Larry Clinton’s Bluebird Orchestra

Larry Clinton’s Bluebird Orch
1941 (Bluebird B-11140-B)
Larry Clinton’s Bluebird Orchestra – Estrellita]

“Essential To Me”
Larry Clinton’s Bluebird Orch
Peggy Mann, Butch Stone, vocal
1941 (Bluebird B-11140-B)
Larry Clinton’s Bluebird Orchestra – Essential To Me]

The Larry Clinton Orchestra was popular during the late 1930s and early 1940s.  The band’s best remembered recordings featured vocalist Bea Wain who left to pursue a solo career in 1939.   Clinton began recording for Victor in 1937. Starting in 1940 the majority of his recordings were issued on Victor’s lower priced Bluebird subsidiary label.   His last recording session before he disbanded and joined the Army Air Force due to U.S. entry in World War II was in September 1941.

This record comes from a batch of big band/swing era records I picked up a while back and have not yet had the time to fully sort through or listen to.   I have picked this one out because I am very fond of the song “Estrellita” and enjoy hearing different versions of it.   The song dates back to 1912 and was written by Mexican composer Manuel Ponce.   Over the years it has been performed and recorded by many different artists in a variety of musical styles.

The song on the flip side, “Essential To Me,” is one that apparently was not particularly successful at the time and has been largely forgotten.   Its Mort Greene lyrics are interesting in that they contain several references to the era’s pop culture including buffalo nickels, Jack Benny’s Jello sponsored radio program as well as the Amos ‘n Andy and Edgar Bergen – Charlie McCarthy radio programs.

This entry was posted in 1940s, 1940s Popular Music, American Recordings, Electrical Recordings. Bookmark the permalink.

4 Responses to Larry Clinton’s Bluebird Orchestra

  1. Jack says:

    I loved the pop culture references in “Essential To Me.” Also, I appreciate more swing era music as a balance to the hot twenties style stuff. Thanks for the great notes as well as the music.

    • dismuke says:

      One of the things I am looking forward to with this blog is that it will give me a chance to present and an excuse to listen to records that do not fall within the format limitations I set for Radio Dismuke. And there are a LOT of really GREAT recordings from the swing/big band era.

      When I first got interested in vintage popular music and old records as a child and for awhile beyond I listened to big band era recordings just as much as I did the earlier stuff. Over time, I gravitated towards the 1925 – 1935 decade and kind of neglected the later period. Radio Dismuke has only made that more the case because whenever I acquire and sort through records I am always looking for stuff that I think would be good to add to the station. And, in recent years, I have become increasingly interested in what I very loosely describe as “salon music” and tunes from operettas, particularly European recordings – so that has become the secondary thing I keep an eye out for. I still acquired stuff from the swing/big band era when I could pick it up at a good price – but, because of the radio station, it tends to get pushed to the bottom of my list of stuff to listen to next.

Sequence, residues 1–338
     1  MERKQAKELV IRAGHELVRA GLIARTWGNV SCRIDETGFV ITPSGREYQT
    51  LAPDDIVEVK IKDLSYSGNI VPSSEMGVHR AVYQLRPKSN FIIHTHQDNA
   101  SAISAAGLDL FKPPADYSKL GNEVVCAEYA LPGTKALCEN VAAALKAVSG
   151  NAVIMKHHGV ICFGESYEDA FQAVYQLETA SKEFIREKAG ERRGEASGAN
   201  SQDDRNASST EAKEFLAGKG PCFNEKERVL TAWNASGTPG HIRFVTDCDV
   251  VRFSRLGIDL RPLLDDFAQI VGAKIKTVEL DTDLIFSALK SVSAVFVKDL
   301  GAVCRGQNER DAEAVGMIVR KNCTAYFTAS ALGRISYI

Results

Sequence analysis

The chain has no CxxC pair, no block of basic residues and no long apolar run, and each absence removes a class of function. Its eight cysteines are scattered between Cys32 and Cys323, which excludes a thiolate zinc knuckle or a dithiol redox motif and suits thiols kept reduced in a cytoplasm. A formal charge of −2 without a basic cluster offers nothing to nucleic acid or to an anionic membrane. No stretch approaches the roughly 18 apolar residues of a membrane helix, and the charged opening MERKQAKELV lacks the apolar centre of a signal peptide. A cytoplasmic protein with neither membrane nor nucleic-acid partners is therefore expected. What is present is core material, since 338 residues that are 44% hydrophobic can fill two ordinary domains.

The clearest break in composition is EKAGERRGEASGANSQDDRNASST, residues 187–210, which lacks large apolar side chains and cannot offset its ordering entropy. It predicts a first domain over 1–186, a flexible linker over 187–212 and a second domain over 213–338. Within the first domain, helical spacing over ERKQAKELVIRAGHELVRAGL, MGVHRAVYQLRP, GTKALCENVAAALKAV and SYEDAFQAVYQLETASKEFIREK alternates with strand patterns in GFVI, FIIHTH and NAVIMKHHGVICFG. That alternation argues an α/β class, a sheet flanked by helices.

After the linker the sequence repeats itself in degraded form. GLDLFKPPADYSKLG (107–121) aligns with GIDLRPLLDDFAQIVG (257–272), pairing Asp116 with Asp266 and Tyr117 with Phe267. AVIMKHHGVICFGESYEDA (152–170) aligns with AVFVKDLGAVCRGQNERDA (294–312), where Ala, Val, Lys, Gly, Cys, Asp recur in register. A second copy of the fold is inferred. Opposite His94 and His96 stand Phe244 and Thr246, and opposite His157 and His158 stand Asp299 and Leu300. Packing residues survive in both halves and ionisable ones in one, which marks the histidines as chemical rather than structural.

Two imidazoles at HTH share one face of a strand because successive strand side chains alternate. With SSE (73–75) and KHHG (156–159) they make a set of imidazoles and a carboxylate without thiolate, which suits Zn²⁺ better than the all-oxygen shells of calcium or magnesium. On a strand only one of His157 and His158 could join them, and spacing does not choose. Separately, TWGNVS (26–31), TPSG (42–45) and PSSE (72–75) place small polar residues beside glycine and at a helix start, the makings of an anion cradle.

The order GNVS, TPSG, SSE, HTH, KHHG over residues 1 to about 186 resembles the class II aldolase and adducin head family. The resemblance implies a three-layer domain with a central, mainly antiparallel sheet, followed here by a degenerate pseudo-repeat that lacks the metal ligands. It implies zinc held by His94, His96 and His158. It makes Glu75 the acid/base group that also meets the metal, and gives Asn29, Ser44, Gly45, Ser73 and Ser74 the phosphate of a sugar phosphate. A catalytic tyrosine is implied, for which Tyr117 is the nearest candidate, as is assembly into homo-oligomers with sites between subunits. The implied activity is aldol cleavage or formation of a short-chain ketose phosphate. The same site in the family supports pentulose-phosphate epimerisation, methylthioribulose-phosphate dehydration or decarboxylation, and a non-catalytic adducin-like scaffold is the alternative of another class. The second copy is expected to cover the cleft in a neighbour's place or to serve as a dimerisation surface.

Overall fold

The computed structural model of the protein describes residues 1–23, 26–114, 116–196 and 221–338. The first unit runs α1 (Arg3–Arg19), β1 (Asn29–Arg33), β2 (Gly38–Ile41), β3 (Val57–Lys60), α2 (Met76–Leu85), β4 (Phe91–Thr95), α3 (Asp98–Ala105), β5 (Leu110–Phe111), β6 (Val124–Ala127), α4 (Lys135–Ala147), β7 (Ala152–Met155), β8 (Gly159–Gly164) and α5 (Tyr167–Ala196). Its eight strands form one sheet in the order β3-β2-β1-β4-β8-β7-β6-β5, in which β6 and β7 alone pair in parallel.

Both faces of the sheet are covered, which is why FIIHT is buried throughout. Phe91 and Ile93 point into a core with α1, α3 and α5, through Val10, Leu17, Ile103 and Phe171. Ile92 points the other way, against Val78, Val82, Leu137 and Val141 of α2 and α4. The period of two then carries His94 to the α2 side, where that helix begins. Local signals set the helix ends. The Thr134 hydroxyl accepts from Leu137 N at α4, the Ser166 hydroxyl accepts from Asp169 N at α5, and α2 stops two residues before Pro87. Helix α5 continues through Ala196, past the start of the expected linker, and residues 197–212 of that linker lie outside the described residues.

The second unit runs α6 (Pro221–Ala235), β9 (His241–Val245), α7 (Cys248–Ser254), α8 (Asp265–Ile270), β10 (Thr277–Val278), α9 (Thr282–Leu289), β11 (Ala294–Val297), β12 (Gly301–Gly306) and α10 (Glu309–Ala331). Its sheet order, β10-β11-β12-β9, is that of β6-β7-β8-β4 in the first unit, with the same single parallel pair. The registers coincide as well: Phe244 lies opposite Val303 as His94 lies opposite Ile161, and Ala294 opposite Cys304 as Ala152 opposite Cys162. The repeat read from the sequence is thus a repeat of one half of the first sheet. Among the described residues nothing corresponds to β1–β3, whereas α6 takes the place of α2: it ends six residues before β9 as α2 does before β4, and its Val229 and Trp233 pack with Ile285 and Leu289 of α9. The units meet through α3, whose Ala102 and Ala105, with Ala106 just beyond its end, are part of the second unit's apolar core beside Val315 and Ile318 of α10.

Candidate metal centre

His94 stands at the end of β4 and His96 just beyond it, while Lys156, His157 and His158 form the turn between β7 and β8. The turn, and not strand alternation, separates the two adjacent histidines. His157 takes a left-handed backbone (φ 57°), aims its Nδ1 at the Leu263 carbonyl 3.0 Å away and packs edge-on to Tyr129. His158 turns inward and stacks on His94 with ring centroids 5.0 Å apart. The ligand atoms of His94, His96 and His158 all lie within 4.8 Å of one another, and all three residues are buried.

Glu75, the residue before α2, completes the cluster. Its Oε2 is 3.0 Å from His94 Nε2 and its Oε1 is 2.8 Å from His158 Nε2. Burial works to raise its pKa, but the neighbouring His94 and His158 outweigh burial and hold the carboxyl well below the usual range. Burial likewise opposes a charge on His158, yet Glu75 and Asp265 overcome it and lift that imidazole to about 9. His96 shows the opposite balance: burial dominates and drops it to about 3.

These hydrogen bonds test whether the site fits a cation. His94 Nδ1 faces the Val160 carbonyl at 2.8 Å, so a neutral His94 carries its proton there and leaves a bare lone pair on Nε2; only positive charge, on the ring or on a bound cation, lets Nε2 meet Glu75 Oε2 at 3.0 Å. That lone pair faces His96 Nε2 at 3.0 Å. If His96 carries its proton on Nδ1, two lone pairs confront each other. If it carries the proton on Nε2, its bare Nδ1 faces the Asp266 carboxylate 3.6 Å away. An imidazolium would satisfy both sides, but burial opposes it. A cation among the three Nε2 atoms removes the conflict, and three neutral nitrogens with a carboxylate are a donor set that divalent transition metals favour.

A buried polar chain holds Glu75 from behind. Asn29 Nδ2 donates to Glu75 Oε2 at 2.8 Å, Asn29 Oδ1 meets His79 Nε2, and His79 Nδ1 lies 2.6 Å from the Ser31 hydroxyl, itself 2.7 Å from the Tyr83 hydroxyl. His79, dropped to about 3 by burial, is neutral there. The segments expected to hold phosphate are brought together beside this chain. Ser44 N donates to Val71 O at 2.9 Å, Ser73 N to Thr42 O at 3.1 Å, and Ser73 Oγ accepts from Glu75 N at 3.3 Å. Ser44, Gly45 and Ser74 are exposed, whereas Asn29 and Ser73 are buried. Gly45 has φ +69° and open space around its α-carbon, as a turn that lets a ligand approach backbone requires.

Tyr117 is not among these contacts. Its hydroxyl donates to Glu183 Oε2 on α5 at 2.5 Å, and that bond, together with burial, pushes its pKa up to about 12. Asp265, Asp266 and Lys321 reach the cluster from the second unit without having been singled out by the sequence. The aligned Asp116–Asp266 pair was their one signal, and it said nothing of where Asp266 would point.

So much of what I have in that genre I have yet to listen to – which is kind of nice in one respect because going through it is very much a musical adventure. And I will come across records that I haven’t played in a number of years and have forgotten just how good they are. So the blog is going to be a good excuse for me to dig through what I have in that area more often. I have been a little slow to ramp up in terms of presenting such recordings here because, when I started the blog, I already had a nice pipeline of recordings I had already digitized. But, over time, you will seem them added to the mix here with greater frequency.

      • Dwight J. Dutton says:

        There are plenty of 40’s stations. 1920’s music is a lot harder to find. Ive been wondering why several of my favorites 20’s records seem to have disappeared out of the line up, hopefully not to make room for this.

        • dismuke says:

          Oh, my goodness no – as far as the radio station goes, it will continue to remain focused on the 1925 – 1935 time period. I occasionally throw in something a little bit earlier or a little bit later (there really was nothing magical about either year musically other than 1925 is the start of electric recording and 1935 was when swing took off. So I do blur the edges a bit – but ONLY the edges and ONLY a little bit).

          The blog and the radio station are two totally different projects. The radio station has a set format. The blog is pretty much anything goes musically so long as it is from a 78 rpm era disc recording of some sort.

          As for why your favorite ’20s records seem to have disappeared – they are still there. It is just that the playlist is constantly growing larger as I add more selections to it. Right now it is over 3,200 selections. And the software I use to generate the station’s playlist is set to play more recently added recordings more frequently. So a recently added selection might play a few times each week while one that has been in the playlist for a very long time might only play a few times each month. But all of them are still there.

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